Coupling of stratospheric warmings with mesospheric coolings in observations and simulations

Christoph Zülicke*, Erich Becker, Vivien Matthias, Dieter H.W. Peters, Hauke Schmidt, Han Li Liu, Laura de la Torre Ramos, Daniel M. Mitchell

*Corresponding author for this work

Research output: Contribution to journalArticle (Academic Journal)peer-review

18 Citations (Scopus)
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The vertical coupling between the stratosphere and the mesosphere is diagnosed from polar cap temperatures averaged over 60°-90°N with a new method: the joint occurrence of a warm stratosphere at 10 hPa and a cold mesosphere at 0.01 hPa. The investigation of an 11-yr-long dataset (2004-15) from Aura-MLS observations shows that such mesospheric coupling days appear in 7% of the winter. During major sudden stratospheric warming events mesospheric couplings are present with an enhanced average daily frequency of 22%. This daily frequency changes from event to event but broadly results in five of seven major warmings being classified as mesospheric couplings (2006, 2008, 2009, 2010, and 2013). The observed fraction of mesospheric coupling events (71%) is compared with simulations of the Kühlungsborn Mechanistic Circulation Model (KMCM), the Hamburg Model of the Neutral and Ionized Atmosphere (HAMMONIA), and the Whole Atmosphere Community Climate Model (WACCM). The simulated fraction of mesospheric coupling events ranges between 57% and 94%, which fits the observations. In searching for causal relations weak evidence is found that major warming events with strong intensity or split vortices favor their coupling with the upper mesosphere. More evidence is found with a conceptual model: an effective vertical coupling between 10 and 0.01 hPa is provided by deep zonal-mean easterlies at 60°N, which are acting as a gravity-wave guide. The explained variance is above 40% in the four datasets, which indicates a near-realistic simulation of this process.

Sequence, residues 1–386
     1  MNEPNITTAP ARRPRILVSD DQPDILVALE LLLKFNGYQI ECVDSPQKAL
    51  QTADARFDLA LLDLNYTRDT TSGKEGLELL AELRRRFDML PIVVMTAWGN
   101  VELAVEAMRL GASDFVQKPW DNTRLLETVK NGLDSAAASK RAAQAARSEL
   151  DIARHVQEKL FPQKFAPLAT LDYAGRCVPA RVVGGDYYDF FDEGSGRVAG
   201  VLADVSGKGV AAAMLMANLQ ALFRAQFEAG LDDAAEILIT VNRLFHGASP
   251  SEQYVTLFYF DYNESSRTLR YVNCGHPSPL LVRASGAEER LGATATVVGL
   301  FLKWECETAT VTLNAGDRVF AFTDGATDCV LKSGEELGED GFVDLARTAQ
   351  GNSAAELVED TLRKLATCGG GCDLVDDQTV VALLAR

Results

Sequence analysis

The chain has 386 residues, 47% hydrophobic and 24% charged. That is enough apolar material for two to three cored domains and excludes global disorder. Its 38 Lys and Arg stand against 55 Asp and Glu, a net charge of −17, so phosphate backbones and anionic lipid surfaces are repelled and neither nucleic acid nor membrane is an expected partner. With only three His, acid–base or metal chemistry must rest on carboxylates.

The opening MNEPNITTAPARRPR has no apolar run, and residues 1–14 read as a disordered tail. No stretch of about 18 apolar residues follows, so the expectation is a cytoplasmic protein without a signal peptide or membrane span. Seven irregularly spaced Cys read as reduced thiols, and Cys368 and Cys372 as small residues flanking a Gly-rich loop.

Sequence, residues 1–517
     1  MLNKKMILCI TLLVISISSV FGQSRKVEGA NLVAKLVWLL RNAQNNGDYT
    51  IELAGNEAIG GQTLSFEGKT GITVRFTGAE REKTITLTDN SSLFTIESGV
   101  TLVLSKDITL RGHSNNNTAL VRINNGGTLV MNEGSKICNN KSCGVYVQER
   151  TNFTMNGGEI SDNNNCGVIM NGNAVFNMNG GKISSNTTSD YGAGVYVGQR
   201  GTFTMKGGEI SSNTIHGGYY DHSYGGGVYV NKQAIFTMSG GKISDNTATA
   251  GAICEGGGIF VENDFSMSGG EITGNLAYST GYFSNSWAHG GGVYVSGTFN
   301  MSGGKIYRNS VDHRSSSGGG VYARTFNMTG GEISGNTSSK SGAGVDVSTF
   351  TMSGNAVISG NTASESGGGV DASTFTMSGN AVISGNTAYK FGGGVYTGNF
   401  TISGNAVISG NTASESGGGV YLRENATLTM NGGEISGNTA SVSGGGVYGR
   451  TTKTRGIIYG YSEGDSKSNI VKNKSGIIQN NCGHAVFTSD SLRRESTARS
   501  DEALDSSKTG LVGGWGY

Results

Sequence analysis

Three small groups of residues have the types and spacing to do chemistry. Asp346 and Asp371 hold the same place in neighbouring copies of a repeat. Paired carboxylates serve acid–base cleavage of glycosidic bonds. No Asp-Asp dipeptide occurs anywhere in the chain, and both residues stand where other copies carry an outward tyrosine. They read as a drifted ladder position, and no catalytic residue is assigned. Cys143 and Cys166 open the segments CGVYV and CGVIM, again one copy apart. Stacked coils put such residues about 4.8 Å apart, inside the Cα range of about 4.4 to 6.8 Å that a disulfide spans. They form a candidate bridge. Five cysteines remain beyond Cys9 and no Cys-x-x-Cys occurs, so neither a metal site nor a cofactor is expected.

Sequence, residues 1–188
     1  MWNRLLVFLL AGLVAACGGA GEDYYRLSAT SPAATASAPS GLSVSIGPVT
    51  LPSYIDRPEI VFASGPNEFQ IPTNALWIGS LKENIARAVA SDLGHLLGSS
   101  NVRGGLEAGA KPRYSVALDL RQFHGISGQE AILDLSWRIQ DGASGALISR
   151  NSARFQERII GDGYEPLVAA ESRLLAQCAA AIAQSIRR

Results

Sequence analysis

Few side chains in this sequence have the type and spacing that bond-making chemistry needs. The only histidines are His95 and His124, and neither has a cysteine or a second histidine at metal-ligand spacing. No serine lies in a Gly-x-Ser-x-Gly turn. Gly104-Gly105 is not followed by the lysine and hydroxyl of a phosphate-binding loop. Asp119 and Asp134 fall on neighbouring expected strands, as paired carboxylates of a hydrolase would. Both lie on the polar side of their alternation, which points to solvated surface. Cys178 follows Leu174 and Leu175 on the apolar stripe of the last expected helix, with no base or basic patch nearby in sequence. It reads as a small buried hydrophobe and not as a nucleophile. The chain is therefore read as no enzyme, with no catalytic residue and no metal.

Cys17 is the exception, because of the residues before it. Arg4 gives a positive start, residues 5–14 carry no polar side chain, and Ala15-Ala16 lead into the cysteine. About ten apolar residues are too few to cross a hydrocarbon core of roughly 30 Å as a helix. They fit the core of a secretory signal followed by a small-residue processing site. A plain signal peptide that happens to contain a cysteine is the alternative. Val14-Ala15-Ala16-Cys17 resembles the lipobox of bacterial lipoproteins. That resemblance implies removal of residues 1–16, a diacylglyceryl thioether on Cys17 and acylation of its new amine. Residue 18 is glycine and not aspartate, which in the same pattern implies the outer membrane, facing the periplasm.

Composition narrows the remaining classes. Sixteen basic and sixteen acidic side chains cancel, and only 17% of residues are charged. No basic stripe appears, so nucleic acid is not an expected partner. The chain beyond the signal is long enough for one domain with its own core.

Original languageEnglish
Pages (from-to)1107-1133
Number of pages27
JournalJournal of Climate
Issue number3
Early online date19 Jan 2018
Publication statusPublished - 1 Feb 2018


  • General circulation models
  • Gravity waves
  • Middle atmosphere
  • Planetary waves
  • Satellite observations


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